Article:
Ms. L is a 22-year-old woman who comes to your office in August complaining of cough and fever. She reports that she was in her usual state of health until 3 days ago when a cough developed. Two days ago, a low-grade fever (37.2°C) developed, which increased to 38.8°C yesterday. She reports that her sputum is yellow and that she has no chest pain or shortness of breath.
The framework for the differential diagnosis of acute respiratory complaints is anatomic and microbiologic. Although there are a myriad of viral and bacterial (and occasional mycobacterial) infections that infect the respiratory tree, a practical approach addresses 3 issues:
Where is the infection (sinuses, tracheobronchial tree, alveoli)?
Will the patient benefit from antibiotics?
Among patients with pneumonia, clinicians must separate the common community-acquired pneumonias (CAPs) from the less common but important pneumonias due to aspiration, tuberculosis (TB), and opportunistic infections. Diagnostic and treatment algorithms that summarize the approach to patients with acute respiratory infections appear at the end of the chapter. (see Figures 9–3 and 9–4)
Diagnostic approach: acute cough and fever.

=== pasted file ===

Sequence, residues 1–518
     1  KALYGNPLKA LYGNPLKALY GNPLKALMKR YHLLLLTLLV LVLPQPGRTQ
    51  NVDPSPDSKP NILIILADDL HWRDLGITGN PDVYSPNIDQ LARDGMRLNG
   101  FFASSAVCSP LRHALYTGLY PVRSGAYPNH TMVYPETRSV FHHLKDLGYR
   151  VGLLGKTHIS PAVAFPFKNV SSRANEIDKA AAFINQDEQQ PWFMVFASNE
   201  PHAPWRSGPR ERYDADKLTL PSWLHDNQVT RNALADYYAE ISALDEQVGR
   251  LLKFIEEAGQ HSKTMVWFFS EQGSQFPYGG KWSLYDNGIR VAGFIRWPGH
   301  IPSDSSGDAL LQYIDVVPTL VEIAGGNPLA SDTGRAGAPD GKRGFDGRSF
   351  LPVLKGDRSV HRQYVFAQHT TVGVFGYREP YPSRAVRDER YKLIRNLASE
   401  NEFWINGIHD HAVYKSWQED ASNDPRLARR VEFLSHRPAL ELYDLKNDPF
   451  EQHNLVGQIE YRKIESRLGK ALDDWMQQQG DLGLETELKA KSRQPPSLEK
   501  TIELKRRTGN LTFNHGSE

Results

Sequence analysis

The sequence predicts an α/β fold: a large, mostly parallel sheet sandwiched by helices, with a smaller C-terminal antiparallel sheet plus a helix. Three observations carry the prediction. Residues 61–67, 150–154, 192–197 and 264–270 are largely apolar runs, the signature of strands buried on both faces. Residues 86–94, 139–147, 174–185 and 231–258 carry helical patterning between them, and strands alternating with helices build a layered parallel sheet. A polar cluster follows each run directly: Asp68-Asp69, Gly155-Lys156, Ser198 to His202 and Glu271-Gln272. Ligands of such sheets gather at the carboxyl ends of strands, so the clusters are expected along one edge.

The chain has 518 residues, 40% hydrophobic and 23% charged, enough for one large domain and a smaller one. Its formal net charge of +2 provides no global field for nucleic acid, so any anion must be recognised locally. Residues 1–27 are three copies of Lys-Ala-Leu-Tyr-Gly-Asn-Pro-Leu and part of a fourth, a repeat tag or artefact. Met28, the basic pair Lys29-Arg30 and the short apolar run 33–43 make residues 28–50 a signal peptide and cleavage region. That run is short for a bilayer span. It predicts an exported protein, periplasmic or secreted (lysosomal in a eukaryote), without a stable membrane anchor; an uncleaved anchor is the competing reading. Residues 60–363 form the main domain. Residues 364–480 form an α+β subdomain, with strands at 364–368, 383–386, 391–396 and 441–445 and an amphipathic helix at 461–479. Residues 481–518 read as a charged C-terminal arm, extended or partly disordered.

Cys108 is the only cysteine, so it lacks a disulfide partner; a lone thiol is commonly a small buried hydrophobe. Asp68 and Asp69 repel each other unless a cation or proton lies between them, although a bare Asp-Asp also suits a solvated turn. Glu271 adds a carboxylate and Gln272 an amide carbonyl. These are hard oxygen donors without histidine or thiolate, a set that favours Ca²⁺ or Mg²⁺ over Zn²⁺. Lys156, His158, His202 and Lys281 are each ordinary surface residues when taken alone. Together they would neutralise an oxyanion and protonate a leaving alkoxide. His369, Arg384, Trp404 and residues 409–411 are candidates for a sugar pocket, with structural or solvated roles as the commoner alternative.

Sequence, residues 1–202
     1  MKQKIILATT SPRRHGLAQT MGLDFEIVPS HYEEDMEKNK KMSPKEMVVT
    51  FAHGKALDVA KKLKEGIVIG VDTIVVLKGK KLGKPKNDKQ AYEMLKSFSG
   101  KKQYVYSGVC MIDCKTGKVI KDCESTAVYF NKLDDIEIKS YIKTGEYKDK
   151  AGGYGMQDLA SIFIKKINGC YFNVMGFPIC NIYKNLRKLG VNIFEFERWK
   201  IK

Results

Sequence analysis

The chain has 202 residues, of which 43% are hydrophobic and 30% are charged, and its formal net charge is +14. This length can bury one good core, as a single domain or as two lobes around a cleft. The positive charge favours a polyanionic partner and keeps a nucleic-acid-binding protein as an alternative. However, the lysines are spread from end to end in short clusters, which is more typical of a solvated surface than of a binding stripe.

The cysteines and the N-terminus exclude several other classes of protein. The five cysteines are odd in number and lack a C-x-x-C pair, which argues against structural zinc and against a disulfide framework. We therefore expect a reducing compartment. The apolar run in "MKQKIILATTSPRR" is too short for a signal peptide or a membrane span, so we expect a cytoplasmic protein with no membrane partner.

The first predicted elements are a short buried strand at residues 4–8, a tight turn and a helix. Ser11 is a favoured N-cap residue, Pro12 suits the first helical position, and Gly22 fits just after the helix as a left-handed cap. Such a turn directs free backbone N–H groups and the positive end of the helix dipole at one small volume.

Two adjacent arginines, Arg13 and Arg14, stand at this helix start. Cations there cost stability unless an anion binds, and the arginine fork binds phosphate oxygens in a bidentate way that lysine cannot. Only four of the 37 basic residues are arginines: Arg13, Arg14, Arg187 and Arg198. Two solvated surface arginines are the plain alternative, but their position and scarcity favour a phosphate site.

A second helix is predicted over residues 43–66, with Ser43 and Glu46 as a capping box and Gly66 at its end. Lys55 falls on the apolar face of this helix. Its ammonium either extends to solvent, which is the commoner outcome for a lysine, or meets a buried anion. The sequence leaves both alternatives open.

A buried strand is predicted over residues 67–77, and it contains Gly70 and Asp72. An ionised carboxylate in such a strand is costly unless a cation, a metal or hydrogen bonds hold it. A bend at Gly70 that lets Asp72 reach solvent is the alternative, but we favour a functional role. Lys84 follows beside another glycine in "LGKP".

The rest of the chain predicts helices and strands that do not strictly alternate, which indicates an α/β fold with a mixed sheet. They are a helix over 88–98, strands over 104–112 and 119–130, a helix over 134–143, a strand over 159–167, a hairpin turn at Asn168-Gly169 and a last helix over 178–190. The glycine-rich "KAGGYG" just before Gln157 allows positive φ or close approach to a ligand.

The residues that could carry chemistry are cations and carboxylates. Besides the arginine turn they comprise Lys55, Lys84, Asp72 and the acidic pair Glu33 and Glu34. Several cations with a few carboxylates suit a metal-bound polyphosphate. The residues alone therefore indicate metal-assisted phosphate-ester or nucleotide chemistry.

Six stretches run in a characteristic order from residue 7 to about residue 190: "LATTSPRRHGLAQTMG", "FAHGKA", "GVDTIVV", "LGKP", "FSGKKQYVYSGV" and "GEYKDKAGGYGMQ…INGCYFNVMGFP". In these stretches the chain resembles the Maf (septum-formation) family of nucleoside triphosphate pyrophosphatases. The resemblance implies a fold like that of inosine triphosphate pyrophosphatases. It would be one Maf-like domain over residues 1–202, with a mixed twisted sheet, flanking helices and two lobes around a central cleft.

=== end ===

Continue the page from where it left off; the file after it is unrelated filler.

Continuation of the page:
Response to the results of the CXR in patients with cough and fever.
Differential Diagnosis of Acute Coughand Congestion
Opportunistic (eg, Pneumocystis jiroveci pneumonia [PCP])
On physical exam, Ms. L is in no acute distress. Vital signs are RR, 18 breaths per minute; BP, 110/72 mm Hg; pulse, 92 bpm; temperature, 38.6°C. Pharynx is unremarkable; lung exam reveals normal breath sounds without crackles, dullness, bronchophony, or egophony.
|At this point, what is the leading hypothesis, what are the active alternatives, and is there a must not miss diagnosis? Given this differential diagnosis, what tests should be ordered?|
The differential diagnosis for Ms. L includes acute bronchitis, influenza, aspiration pneumonia, and CAP. Ms. L's high fever is a pivotal feature of this case. Acute bronchitis is not usually associated with significant fever (unless caused by influenza). Influenza can cause high fevers and chest symptoms but almost always occurs between December and May. Therefore, despite Ms. L's normal lung exam, the high fever raises the possibility of CAP and makes this the leading diagnosis. Table 9–1 lists the differential diagnosis.
Table 9–1. Diagnostic Hypotheses for MS. L. |Favorite Table|Download (.pdf)
Table 9–1. Diagnostic Hypotheses for MS. L.
|Diagnostic Hypothesis||Clinical Clues||Important Tests|
Shortness of breath
Crackles or dullness on lung exam
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